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起步

欢迎来到 Taichi 语言的文档!

安装#

要开始使用 Taichi 语言,只需使用 pip 安装:

python3 -m pip install taichi
note

目前,Taichi 支持的 Python 版本有 3.6/3.7/3.8/3.9 (64 位)。

根据所使用的操作系统的不同,还需要安装一些其他的依赖项:

在 Ubuntu 19.04+ 上,你需要安装 libtinfo5:

sudoapt install libtinfo5

如果你在安装 Taichi 时遇到任何问题,可以参考 安装故障排查

Hello, world!#

我们将通过一个基础的分形程序的例子来介绍 Taichi。

使用 python3 fractal.pyti example fractal (你可以在 命令行工具 找到更多有关 Taichi CLI 的信息) 来运行下方的 Taichi 代码,将得到一个Julia set 的动画。

image

fractal.py
import taichi as ti
ti.init(arch=ti.gpu)
n = 320pixels = ti.field(dtype=float, shape=(n * 2, n))
@ti.funcdef complex_sqr(z):    return ti.Vector([z[0]**2 - z[1]**2, z[1] * z[0] * 2])
@ti.kerneldef paint(t: float):    for i, j in pixels:  # Parallelized over all pixels        c = ti.Vector([-0.8, ti.cos(t) * 0.2])        z = ti.Vector([i / n - 1, j / n - 0.5]) * 2        iterations = 0        while z.norm() < 20 and iterations < 50:            z = complex_sqr(z) + c            iterations += 1        pixels[i, j] = 1 - iterations * 0.02
gui = ti.GUI("Julia Set", res=(n * 2, n))
for i in range(1000000):    paint(i * 0.03)    gui.set_image(pixels)    gui.show()

让我们来深入剖析一下这个简单的 Taichi 程序。

import taichi as ti#

Taichi 是一个嵌入在 Python 中的领域特定语言(DSL)。

为了使 Taichi 能像 Python 包一样易于使用,让每个 Python 程序员能够以最低的学习成本编写 Taichi 程序,我们做了大量的工作。

你甚至可以选择你最喜欢的 Python 包管理系统、Python IDE 以及其他 Python 包和 Taichi 一起结合使用。

# 在 GPU 上运行,自动选择后端ti.init(arch=ti.gpu)
# 在 GPU 上运行, 使用 NVIDIA CUDA 后端ti.init(arch=ti.cuda)# 在 GPU 上运行, 使用 OpenGL 后端ti.init(arch=ti.opengl)# 在 GPU 上运行, 使用苹果 Metal 后端(仅对 macOS)有效ti.init(arch=ti.metal)
# 在 CPU 上运行 (默认)ti.init(arch=ti.cpu)
info

不同操作系统所支持的后端:

平台CPUCUDAOpenGLMetalC source
WindowsOKOKOKN/AN/A
LinuxOKOKOKN/AOK
macOSOKN/AN/AOKN/A

(OK:支持;N/A:不可用)

With arch=ti.gpu, Taichi will first try to run with CUDA. If CUDA is not supported on your machine, Taichi will fall back on Metal or OpenGL. If no GPU backend (CUDA, Metal, or OpenGL) is supported, Taichi will fall back on CPUs.

note

When used with the CUDA backend on Windows or ARM devices (e.g., NVIDIA Jetson), Taichi allocates 1 GB GPU memory for field storage by default.

You can override this behavior by initializing with ti.init(arch=ti.cuda, device_memory_GB=3.4) to allocate 3.4 GB GPU memory, or ti.init(arch=ti.cuda, device_memory_fraction=0.3) to allocate 30% of the total GPU memory.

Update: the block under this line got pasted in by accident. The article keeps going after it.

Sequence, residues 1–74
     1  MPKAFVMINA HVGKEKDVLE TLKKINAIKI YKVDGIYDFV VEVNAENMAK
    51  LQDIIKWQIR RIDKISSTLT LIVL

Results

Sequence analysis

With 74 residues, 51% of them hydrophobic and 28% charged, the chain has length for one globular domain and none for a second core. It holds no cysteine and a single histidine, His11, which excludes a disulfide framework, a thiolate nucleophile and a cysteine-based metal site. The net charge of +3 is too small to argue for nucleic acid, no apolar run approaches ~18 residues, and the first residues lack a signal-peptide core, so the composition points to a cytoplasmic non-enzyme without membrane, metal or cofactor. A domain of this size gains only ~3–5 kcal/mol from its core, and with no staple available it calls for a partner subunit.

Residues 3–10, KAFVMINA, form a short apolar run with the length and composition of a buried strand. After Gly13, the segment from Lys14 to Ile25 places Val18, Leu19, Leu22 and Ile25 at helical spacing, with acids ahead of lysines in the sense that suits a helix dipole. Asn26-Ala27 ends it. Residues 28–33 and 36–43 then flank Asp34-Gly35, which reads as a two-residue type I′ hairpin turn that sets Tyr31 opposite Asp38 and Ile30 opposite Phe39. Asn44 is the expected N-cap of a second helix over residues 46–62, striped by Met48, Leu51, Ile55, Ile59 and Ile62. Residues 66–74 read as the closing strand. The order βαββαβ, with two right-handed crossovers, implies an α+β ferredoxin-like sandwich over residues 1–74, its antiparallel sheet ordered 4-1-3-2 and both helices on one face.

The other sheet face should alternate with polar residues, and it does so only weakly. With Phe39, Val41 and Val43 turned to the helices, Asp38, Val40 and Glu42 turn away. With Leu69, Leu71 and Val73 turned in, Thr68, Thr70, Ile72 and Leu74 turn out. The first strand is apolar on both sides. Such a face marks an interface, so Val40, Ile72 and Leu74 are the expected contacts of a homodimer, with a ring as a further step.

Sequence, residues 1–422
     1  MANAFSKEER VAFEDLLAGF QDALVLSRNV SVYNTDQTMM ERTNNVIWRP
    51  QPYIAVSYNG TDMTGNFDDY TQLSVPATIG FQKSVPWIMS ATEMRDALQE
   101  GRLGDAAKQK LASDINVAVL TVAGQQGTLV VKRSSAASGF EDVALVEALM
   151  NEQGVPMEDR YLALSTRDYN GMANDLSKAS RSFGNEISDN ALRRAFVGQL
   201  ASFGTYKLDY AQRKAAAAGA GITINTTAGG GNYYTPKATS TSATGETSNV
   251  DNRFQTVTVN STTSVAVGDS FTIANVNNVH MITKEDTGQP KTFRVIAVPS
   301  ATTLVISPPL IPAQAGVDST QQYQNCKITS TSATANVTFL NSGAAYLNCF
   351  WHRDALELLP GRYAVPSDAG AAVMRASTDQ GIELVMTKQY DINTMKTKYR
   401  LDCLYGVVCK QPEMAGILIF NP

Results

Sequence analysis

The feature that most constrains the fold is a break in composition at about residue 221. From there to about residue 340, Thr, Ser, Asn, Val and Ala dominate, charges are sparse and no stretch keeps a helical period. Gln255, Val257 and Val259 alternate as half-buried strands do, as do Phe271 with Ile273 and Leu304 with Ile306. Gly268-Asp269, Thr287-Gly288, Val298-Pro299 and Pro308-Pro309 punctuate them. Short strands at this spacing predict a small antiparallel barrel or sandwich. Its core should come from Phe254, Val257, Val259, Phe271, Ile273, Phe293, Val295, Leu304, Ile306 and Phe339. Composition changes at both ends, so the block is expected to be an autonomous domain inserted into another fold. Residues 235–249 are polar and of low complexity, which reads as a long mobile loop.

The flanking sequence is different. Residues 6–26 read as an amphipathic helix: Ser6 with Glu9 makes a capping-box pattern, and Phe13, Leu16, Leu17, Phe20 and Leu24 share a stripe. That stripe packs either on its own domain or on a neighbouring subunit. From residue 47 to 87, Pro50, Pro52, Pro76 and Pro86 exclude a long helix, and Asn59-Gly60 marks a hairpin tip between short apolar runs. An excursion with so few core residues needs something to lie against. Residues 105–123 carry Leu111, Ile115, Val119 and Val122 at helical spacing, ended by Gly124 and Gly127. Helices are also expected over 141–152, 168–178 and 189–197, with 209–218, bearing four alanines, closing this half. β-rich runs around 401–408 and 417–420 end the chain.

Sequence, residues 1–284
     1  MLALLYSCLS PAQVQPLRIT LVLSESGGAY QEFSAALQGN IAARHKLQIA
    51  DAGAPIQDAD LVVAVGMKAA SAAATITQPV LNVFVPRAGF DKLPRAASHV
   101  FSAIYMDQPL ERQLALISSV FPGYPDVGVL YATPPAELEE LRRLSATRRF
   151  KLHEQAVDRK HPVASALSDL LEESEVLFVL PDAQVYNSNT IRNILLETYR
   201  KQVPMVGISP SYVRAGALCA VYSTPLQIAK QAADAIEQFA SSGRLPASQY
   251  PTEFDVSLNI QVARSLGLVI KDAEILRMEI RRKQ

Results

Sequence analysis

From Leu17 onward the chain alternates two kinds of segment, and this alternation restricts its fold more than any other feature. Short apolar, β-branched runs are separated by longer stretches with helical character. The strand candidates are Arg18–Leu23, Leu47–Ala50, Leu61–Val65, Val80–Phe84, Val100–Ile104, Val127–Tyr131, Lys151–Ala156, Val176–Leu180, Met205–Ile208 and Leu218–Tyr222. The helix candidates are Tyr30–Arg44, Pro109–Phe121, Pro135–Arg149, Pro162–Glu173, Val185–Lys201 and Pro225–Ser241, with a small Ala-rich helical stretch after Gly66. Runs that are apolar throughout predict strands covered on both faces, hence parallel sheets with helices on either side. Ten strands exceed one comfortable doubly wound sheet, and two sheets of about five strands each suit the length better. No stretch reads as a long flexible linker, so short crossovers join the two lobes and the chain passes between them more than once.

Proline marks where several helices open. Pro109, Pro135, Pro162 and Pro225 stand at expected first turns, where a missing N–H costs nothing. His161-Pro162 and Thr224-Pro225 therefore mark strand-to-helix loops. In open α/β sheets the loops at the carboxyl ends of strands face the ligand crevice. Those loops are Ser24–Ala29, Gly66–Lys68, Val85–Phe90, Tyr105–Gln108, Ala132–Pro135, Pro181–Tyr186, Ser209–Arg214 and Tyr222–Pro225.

On other platforms, Taichi will make use of its on-demand memory allocator to allocate memory adaptively.

Fields#

Taichi is a data-oriented programming language where dense or spatially-sparse fields are the first-class citizens.

In the code above, pixels = ti.field(dtype=float, shape=(n * 2, n)) allocates a 2D dense field named pixels of size (640, 320) and element data type float.

Functions and kernels#

Computation resides in Taichi kernels and Taichi functions.

Taichi kernels are defined with the decorator @ti.kernel. They can be called from Python to perform computation. Kernel arguments must be type-hinted (if any).

Taichi functions are defined with the decorator @ti.func. They can only be called by Taichi kernels or other Taichi functions.

See syntax for more details about Taichi kernels and functions.

The language used in Taichi kernels and functions looks exactly like Python, yet the Taichi frontend compiler converts it into a language that is compiled, statically-typed, lexically-scoped, parallel and differentiable.

info

Taichi-scopes v.s. Python-scopes:

Everything decorated with @ti.kernel and @ti.func is in Taichi-scope and hence will be compiled by the Taichi compiler.

Everything else is in Python-scope. They are simply Python native code.

caution

Taichi kernels must be called from the Python-scope. Taichi functions must be called from the Taichi-scope.

tip

For those who come from the world of CUDA, ti.func corresponds to __device__ while ti.kernel corresponds to __global__.

note

Nested kernels are not supported.